A Handy Guide to Festive Fizz

champagne glassesThough we’re fans of bubbles all year long, there’s something special about ringing in the new year with a glass of something festive and fizzy.

Unfortunately, because sparkling is usually reserved for celebrations, it’s a misunderstood category – what the heck does Grand Cru mean?  Is vintage better than non-vintage?  And how do you open the stuff without putting someone’s eye out?

Firstly, true Champagne can only come from the tiny region of Champagne in Northern France, and must be made in the traditional method and meet certain quality specifications.  Everything else is sparkling wine.  But being Champagne doesn’t automatically make a wine good, and being a mere ‘sparkling wine,’ doesn’t make a wine substandard.   It’s New Years, though, so let’s concentrate on Champagne.

Vintage or NV? The first distinction to make with Champagne is between vintage and non-vintage.  Non-vintage is the most common style, and usually the least expensive and most consistent.  That ubiquitous yellow bottle is an example of a non-vintage bottling.  Usually labeled with an ‘NV,’ non-vintage Champagne is a blend of a selection of base wines (still wine that hasn’t become fizzy yet) from several vintages.  The master blender at a given Champagne house uses his judgement and palate to create a consistent style from year to year, and this blending method helps him do this.

Vintage Champagne is Champagne made from a specific years’ harvest, just like most of the still wine we’re used to.  In Champagne, it’s usually made only in exceptional years and meant to showcase differences in vintage character, as opposed to the style-of-the-house like non-vintage bottlings.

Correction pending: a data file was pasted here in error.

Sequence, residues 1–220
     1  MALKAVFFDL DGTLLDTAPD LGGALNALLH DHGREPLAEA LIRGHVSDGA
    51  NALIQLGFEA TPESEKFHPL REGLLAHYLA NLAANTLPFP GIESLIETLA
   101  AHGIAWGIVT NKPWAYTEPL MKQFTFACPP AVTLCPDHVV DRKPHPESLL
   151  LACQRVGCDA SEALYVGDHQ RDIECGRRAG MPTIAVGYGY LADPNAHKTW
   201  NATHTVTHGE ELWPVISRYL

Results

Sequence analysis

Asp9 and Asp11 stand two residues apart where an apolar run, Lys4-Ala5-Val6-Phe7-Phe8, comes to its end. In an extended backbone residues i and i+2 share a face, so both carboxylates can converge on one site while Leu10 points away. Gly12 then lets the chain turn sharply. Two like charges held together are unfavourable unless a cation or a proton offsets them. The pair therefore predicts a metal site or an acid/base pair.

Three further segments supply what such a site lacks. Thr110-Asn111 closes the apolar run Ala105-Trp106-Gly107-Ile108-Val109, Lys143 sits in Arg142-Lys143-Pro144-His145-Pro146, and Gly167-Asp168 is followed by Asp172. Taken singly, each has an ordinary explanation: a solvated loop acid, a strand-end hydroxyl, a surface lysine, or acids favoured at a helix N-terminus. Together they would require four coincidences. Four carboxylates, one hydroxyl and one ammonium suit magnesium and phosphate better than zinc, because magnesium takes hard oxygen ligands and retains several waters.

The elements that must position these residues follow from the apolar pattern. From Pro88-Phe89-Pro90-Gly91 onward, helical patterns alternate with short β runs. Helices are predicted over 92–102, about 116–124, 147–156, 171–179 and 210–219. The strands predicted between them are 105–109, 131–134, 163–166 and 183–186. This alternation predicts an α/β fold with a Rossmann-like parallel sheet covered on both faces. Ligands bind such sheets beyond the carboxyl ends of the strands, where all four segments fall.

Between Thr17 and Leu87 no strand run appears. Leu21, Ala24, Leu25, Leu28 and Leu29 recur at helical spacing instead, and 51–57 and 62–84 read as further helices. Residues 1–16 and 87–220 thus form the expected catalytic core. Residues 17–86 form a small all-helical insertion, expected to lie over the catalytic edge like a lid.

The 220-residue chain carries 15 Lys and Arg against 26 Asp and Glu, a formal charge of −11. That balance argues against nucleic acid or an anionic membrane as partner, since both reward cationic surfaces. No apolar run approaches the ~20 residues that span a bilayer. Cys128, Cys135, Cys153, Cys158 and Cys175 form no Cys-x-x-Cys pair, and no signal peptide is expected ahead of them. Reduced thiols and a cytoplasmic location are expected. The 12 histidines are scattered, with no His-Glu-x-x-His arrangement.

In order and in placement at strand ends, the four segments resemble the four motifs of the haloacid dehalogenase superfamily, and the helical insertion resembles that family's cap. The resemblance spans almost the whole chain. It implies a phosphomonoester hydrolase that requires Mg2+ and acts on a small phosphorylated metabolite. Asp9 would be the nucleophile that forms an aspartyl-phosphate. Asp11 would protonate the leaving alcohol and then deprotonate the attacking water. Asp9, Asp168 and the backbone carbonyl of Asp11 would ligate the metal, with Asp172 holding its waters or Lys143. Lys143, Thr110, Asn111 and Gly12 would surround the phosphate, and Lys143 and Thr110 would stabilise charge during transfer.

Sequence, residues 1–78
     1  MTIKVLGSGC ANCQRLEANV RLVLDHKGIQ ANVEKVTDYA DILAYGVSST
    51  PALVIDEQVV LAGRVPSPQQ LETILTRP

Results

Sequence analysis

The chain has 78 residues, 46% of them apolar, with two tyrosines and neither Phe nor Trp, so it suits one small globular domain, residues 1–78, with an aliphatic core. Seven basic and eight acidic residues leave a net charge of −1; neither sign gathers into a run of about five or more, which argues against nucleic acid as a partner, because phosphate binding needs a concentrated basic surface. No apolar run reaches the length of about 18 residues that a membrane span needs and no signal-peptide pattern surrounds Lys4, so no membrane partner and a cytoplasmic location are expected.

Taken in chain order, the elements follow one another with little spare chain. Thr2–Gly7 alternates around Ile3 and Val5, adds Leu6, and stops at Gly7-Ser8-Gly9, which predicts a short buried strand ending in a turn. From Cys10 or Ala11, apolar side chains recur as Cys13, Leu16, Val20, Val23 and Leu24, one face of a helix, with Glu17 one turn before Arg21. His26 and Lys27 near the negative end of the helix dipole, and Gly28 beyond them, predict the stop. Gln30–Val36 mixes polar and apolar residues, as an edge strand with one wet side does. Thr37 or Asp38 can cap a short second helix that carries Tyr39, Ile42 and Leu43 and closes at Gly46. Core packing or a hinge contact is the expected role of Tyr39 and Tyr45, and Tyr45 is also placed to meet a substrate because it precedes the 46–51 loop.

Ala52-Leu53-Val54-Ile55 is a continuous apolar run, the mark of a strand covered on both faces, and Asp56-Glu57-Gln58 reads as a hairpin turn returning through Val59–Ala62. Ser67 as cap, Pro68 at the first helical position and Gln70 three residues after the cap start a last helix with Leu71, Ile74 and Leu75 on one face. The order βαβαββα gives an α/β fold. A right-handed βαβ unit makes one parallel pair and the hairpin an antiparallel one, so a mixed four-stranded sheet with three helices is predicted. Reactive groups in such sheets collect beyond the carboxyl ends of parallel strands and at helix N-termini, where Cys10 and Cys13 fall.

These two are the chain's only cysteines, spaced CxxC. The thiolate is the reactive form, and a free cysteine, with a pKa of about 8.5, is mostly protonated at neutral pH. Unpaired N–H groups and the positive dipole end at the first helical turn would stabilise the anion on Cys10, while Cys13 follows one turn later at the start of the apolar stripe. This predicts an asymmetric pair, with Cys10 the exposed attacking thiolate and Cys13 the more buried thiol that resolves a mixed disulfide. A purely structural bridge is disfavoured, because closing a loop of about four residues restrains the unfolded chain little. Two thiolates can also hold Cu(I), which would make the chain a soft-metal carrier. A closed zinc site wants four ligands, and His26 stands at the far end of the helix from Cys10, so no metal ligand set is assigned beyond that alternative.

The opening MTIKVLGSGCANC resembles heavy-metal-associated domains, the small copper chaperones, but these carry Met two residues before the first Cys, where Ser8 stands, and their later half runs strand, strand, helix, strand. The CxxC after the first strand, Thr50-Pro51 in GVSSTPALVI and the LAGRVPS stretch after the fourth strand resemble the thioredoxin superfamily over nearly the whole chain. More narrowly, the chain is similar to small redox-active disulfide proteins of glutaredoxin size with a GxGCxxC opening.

“Grand Cru.” When you see a designation like “Grand Cru” on a bottle, like you would with some of these delicious grower Champagnes, that means that all of the grapes that went into the wine come from villages in Champagne with the highest quality ranking.  In Champagne, the villages are ranked, as opposed to, say, Bordeaux, where the producers are ranked, or Burgundy, where the vineyards are ranked.

And what do we mean by “grower?” Historically, grape growers in Champagne sold their grapes to big Champagne houses, usually under long-term contracts. These Champagne houses then made the Champagne, blending cuvees to produce their unique style of Champagne, year after year (and spending money marketing  that brand). Over the years, more and more growers are making their own Champagnes. These can be better deals, because this eliminates a level in the production chain, and often, the grower doesn’t spend as much on marketing and packaging.